Cost: The average cost of constructing a new saltwater pool is 36,400USD, some pay between 29,000USD and 57,000USD, depending on the pool’s size, shape, and material. This pricing includes a saltwater chlorination system, which typically costs between 600USD and 2,200USD to convert a chlorine pool to a saltwater pool.
What is PHMB: Change your pool’s chemical composition to PHMB, an acronym for polyhexamethylene biguanide to completely reduce chlorine use. You might be familiar with PHMB through brand names Baquacil and SoftSwim.
How PHMB works: PHMB penetrates bacteria by entering their cell walls and causing them to rupture inside. Then those particles are coated in a thick gel that settles to the bottom of the pool, where the vacuum system sucks it out.
Advantage/Disadvantage: Since PHMB does not oxidize, you’ll need to apply hydrogen peroxide for this to work efficiently. Furthermore, you’ll also have to use separate algaecide and clean the pool filters every month.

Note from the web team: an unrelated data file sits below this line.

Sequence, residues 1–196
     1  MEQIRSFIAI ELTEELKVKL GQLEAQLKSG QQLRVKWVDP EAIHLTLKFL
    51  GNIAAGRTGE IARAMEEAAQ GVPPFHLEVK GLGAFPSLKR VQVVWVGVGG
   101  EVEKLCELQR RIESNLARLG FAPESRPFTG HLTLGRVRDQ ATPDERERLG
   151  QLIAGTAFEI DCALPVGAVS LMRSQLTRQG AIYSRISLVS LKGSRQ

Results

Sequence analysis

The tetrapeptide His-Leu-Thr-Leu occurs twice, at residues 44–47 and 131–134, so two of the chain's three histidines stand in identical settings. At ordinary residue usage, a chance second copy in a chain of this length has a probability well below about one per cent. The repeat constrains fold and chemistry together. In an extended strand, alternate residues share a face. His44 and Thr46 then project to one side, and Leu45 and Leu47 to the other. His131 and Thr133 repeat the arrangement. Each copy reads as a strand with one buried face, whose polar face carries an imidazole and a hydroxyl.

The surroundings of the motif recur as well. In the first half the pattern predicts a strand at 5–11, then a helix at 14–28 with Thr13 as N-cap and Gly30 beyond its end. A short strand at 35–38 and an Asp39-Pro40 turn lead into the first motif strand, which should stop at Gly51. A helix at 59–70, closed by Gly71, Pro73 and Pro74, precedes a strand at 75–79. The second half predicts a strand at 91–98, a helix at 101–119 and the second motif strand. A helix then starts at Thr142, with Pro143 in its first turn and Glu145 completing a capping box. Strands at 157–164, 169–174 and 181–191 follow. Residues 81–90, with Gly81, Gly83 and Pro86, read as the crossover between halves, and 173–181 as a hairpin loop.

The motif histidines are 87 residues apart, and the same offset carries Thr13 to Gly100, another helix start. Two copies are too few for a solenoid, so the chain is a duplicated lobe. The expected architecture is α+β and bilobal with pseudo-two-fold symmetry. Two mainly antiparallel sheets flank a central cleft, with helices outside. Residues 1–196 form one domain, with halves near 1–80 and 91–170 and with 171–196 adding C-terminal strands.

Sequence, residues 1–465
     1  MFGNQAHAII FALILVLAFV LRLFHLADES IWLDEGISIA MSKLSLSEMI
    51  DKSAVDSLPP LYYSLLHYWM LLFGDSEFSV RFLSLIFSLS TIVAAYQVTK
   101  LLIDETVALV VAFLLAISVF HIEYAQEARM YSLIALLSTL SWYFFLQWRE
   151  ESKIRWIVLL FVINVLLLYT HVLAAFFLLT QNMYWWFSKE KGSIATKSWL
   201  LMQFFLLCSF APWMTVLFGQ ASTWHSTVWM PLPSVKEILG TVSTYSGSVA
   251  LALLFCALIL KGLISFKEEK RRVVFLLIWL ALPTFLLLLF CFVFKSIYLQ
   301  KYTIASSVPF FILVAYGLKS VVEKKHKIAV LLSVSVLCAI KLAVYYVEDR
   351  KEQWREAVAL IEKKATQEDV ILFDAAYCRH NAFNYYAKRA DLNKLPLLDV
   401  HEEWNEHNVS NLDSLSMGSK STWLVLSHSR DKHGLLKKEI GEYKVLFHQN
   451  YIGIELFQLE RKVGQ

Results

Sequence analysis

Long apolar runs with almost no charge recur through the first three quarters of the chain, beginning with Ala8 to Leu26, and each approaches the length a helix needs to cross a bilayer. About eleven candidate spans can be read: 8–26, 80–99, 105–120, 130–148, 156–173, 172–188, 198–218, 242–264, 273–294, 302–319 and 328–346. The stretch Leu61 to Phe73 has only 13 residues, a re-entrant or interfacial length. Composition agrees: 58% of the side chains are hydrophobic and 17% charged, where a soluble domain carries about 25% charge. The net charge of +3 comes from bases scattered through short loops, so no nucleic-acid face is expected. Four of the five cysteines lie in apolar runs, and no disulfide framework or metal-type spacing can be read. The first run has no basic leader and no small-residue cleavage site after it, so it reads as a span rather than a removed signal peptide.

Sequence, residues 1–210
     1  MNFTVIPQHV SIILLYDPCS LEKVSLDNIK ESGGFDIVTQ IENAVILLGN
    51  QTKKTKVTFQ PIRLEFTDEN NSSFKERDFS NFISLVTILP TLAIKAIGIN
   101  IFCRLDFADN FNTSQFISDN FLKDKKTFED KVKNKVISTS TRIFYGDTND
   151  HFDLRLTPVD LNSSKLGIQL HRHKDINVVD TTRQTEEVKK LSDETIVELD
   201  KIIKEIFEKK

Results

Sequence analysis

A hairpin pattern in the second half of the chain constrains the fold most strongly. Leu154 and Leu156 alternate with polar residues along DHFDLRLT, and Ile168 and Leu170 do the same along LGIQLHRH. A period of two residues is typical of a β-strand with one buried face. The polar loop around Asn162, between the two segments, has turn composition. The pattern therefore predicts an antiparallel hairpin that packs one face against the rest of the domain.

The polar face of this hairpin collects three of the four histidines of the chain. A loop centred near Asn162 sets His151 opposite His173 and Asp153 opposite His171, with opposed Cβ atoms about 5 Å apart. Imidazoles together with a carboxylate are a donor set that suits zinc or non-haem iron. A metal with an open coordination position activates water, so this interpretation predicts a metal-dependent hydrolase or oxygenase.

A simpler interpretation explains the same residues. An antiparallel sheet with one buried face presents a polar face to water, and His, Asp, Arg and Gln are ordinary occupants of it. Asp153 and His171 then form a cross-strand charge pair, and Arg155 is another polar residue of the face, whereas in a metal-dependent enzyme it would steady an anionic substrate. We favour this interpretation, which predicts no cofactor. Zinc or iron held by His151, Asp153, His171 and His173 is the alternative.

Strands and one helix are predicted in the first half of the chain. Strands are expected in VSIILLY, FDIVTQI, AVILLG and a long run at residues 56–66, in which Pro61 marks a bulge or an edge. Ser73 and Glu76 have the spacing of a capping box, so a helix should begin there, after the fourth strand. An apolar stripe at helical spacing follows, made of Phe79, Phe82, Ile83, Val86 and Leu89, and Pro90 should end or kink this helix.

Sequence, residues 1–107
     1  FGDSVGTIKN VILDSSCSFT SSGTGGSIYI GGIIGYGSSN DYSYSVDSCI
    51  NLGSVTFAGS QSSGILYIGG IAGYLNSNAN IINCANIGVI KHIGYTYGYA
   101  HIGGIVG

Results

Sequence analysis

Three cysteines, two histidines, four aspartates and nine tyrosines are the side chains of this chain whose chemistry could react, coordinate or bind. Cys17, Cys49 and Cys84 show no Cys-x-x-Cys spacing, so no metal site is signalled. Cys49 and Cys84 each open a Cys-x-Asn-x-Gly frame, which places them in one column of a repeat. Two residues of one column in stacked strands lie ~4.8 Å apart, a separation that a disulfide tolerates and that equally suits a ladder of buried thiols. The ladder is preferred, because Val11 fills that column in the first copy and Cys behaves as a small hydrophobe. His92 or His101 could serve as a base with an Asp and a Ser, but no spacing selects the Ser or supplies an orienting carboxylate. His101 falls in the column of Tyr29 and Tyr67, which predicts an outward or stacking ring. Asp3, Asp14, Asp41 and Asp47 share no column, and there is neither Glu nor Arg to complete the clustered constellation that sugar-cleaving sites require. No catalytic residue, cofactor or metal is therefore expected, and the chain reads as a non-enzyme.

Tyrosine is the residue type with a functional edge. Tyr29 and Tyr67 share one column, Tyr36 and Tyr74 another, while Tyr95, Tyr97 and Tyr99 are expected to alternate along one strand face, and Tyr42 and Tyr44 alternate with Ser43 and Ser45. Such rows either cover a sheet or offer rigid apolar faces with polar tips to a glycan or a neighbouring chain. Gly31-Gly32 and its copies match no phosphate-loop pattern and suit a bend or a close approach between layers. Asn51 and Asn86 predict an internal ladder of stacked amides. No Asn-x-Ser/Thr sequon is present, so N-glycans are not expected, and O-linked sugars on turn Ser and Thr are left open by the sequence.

PHMB is gentler on swimmers’ skin and hair, less damaging to vinyl pool liners, and requires less effort to maintain balance than other chemicals. However, due to the incompatibility of PHMB with chlorine, you must drain the pool first to initiate this type of pool chlorine alternative.
In addition to the different pool chlorine alternatives mentioned above, there are more ways to keep your pool sanitized.
We’ve never mentioned UV sanitizer above, but if you heard of this, UV lights are an effective and futuristic way to sanitize your water. This system is a lot of times in conjunction with ozone systems. We hope we’ve helped you learn more about how these pool chlorine alternatives work.
Here are some tips to help you maintain and clean your pool. Have fun in a clean, safe pool with your family!